If you read the Nature article carefully,  and especially if you examine the Y. huali fossil (pictured above) closely, you’ll see that it’s not at all obvious, at least not at first glance, that this creature had feathers.  So I could easily imagine someone preparing this specimen, trying to free the bones from the rock matrix, inadvertently destroying the fossilized traces of feathers.  Perhaps the only reason Y. huali was recognized to have had feathers is because by now paleontologists are actively on the lookout for them.  If that’s right, then what’s in your mind when you prepare a fossil for study and display may well have a significant impact on the material constitution of dinosaur bones.
All of this is to say that I am now anxiously awaiting the day when paleontologists working in the American west announce the discovery of a downy T. rex!

Dinosaurs and Dime Museums: Exhibiting the Past

Child Looking at Brontosaurus, American Museum of Natural History, 1937.

HANK’s posts (here and here) on research methods have got me thinking about the craft aspect of what we do. But I’d like to take the discussion in a slightly different direction and ask what happens if we stop assuming that we historians ought to be primarily in the business or writing texts.
In my research, I think a lot about the different effects that various media have on us as consumers of culture. For example, I have found that fully articulated, free-standing displays of mounted dinosaurs in the late 19th and early 20th century are best thought of as mixed media installations. In addition to fossilized bones, lots of other materials were required to mount a dinosaur, including shellac, gum acacia, paint, plater of Paris, and iron or steel. Moreover, mounted dinosaurs were almost always paired with other ways of representing prehistory, including three dimensional models and paintings of these animals in the flesh.

Brontosaurus displaying characteristically turn-of-the-century amphibious habits in a painting by Charles Knight, under the direction of Henry Fairfield Osborn.

There are a number of ways we can go about making sense of mounted dinosaurs as mixed media sculptures. I like to think about the various strengths and weaknesses of each medium. For example, paintings and three dimensional models are a good way to put life into dead bones, to use a phrase of which my historical actors were very fond. They literally helped visitors interpret the fossils on display, showing them how to visualize these animals in the flesh. At the same time, the fossils served as a reminder that these visualizations were not mere, idle speculation. They were grounded in material traces that survived from the actual past.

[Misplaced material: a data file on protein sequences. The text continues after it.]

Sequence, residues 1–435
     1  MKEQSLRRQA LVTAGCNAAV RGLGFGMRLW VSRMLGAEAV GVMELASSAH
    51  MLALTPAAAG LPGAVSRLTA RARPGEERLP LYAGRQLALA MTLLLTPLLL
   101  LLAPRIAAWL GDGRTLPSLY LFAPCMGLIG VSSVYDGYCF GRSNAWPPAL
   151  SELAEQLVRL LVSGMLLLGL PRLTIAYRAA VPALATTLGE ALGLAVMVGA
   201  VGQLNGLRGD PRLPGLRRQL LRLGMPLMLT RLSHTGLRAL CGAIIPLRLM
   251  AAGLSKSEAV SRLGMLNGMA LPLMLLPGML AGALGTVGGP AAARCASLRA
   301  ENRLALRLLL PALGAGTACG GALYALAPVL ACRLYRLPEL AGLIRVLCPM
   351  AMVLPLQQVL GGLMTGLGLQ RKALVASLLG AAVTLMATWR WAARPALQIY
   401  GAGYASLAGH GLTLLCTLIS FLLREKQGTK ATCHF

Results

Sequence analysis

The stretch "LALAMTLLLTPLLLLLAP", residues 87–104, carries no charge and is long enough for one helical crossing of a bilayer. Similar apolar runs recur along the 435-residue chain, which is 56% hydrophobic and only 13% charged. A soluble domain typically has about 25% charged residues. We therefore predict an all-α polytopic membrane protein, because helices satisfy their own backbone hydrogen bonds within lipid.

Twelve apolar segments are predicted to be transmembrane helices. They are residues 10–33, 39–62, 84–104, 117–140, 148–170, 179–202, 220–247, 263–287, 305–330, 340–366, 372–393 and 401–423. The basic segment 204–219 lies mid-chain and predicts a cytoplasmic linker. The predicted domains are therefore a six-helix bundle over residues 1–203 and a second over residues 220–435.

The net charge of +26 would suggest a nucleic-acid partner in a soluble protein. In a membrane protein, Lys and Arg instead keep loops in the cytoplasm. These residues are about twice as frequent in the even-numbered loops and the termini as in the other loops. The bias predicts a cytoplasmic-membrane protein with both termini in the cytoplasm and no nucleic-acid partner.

Mounting Brontosarus at the American Museum, 1904.
In addition to a mixed media sculpture, mounted dinosaurs were a form of publication. Many decisions (often controversial ones!) had to be made when putting a dinosaur on display. For example, when Curators from the American Museum of Natural History mounted a Brontosaurus in 1905, they took a wager that it held its legs erect under its belly, like modern elephants do. This was by no means a foregone conclusion at the time, and several paleontologists, including Oliver Perry Hay from the U.S. National Museum in Washington, D.C., and Gustav Tornier from Berlin, objected. They thought it more likely that dinosaurs held their legs sprawled out at a ninety-degree angle, like modern lizards and crocodiles.
Illustration of sauropod dinosaur Pose by Mary Mason, under the direction of Oliver Perry Hay, Proceedings of the Washington Academy of Sciences, 1910.
In the past two or three decades, we historians have become reasonably used to (and, I hope, good at) analyzing non-textual sources. But, unlike the paleontologists that I study, most of us continue to use words as the principle (if not only) way to communicate the fruits of our research. We historians write a lot of books and deliver even more lectures.  But we rarely curate exhibits or make images. Why should this be the case?
I see no reason it should!  
There are some encouraging signs of things moving in a new direction. Several historians of science I know of, including Peter Galison and Hanna Shell, use documentary film as a form of publication. But what other media might historians use to communicate with one another, and with a broader public?
One thing I’ve been especially interested to explore in my research is the relationship between elite science and popular culture. So, I have a soft spot for 19th century sites of amusement that blur the boundary between the two, especially those that throw in some humbug for good measure.  
Dime museums, like PT Barnum’s museum, which used to be located on Broadway and Anne Street in New York, are a particular favorite of mine. So I was super excited to visit the Spectacularium in Coney Island this weekend. This is a re-creation of a 19th century Dime Museum (of which there were several in Coney Island), that exhibits a number of period photographs, playbills, and guidebooks, in addition to some taxidermy and other exhibits. (Most of the latter were acquired when one of the last Dime Museums, on the Canadian side of the Niagra Falls, finally shuttered its doors a few years ago.)  
I also discovered that Coney Island Museum still runs a sideshow. Here, you can see a snake charmer, a mesmerist, a strong man, and other remnants of the 19th century stage now usually only found in the circus.  
Moreover, there is an excellent website and live gallery exhibit, the Moribund Anatomy, located near the Gowanus canal in Brooklyn, for those of you into 19th century medical museums. Am I alone, or does anyone else see these as a call to arms?